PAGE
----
This Week: Elena Kagan, the G20, & more

Questions Not to Ask People With Chronic Conditions

Womanist Musings: “Not only do the differently abled have to deal with gatekeepers who think they know what it is like to live with our disease because they have studied it, we constantly have to deal with questions from the general public, because a differently abled status is constantly up for a debate.  It is not enough for someone to say my body does not function like yours.  We must explain why and prove that we are worthy of taking on the label of disabled.”

Economy Hurts Government Aid for H.I.V. Drugs

New York Times: “The weak economy is crippling the government program that provides life-sustaining antiretroviral drugs to people with H.I.V. or AIDS who cannot afford them. Nearly 1,800 have been relegated to rapidly expanding waiting lists that less than three years ago had dwindled to zero.”

Kagan Hearings: Gags, God, Guns, and Gays

RH Reality Check: “Kagan went on to talk the special case of ‘partial birth abortion bans,’ which she encouraged Bill Clinton to support while he was president. ‘Partial birth abortion’ isn’t even a medical term. It’s a marketing term coined by anti-choicers in their bid to chip away at Roe v. Wade. For pro-choicers, it’s disappointing to see Kagan uncritically buying into that frame.”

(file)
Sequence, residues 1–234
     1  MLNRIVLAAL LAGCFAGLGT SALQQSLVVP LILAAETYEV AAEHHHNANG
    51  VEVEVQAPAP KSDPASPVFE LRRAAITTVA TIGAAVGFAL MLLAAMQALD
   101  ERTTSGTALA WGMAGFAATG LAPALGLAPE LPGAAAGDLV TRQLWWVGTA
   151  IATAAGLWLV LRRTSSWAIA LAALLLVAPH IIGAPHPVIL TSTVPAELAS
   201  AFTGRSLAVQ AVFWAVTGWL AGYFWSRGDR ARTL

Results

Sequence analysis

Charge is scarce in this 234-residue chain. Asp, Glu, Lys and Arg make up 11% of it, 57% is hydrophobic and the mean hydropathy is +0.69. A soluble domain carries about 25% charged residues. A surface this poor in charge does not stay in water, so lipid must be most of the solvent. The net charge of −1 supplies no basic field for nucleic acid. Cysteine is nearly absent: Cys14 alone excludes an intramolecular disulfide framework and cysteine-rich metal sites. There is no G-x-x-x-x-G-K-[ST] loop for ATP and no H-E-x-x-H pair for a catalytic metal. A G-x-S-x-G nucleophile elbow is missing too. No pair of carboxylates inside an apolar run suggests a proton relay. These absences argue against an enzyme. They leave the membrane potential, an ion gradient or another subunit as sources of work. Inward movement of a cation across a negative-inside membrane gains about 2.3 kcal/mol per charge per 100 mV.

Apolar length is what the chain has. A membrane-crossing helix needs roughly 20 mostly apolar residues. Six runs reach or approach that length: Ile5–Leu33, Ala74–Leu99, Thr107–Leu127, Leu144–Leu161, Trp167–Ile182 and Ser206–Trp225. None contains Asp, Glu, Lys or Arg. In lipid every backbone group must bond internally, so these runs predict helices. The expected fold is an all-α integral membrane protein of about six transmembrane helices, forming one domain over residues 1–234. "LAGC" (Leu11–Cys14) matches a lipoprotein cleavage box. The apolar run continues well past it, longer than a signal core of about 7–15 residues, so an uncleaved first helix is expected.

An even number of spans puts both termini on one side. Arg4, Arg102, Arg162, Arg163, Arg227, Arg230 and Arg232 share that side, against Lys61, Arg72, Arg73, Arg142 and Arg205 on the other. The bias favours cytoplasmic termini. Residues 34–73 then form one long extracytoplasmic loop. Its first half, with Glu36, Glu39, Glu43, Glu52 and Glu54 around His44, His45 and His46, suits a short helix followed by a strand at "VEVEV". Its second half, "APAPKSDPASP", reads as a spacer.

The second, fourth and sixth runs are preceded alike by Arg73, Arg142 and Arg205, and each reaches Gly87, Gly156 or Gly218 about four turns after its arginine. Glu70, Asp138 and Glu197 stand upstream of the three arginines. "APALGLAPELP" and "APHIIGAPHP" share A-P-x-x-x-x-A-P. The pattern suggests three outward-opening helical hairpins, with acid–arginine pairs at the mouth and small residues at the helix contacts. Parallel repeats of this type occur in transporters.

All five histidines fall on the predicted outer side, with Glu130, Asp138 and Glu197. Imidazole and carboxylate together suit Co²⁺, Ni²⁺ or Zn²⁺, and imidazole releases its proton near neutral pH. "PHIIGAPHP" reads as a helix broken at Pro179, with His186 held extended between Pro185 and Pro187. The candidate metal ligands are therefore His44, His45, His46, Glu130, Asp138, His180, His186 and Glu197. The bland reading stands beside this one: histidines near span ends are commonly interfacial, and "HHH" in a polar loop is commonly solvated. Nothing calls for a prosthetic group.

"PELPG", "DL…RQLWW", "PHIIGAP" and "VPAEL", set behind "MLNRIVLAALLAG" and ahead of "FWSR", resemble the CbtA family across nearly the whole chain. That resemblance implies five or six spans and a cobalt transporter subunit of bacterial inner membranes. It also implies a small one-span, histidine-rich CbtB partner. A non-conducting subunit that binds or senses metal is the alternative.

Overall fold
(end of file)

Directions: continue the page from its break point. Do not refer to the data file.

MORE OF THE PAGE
Civil rights organizations question nominee Elena Kagan’s record on race

Washington Post: “The National Bar Association, the main organization of black lawyers, has refrained from endorsing Kagan, giving her a lukewarm rating. The group’s president, Mavis T. Thompson, said it ‘had some qualms’ about Kagan’s statements on crack-cocaine sentencing and what it regards as her inadequate emphasis while dean at Harvard Law School on diversifying the school along racial and ethnic lines. Others have expressed reservations about Kagan’s views on affirmative action, racial profiling and immigration.”

The 20th anniversary of Oka and the continuation of unearthing human rights at the G8/G20

Racialicious: “The actions that have taken place around the G8/G20 from Indigenous people, women, people of colour, the poor, the working class, queer and trans people and disabled people have decades, if not centuries, of baggage that lead up to this point of where we are at with zero accountability from governments for the continuation of oppression.”

For African-Americans, A Virtual Depression­ – Why?

The Nation: “The unemployment figures reflect only part of a broader pattern of socioeconomic disparity between blacks and whites; nearly all indexes—income, wealth, educational attainment, homeownership and foreclosures—show growing gaps and a retreat from gains made in the 1990s, gaps that are being devastatingly widened by the Great Recession.”

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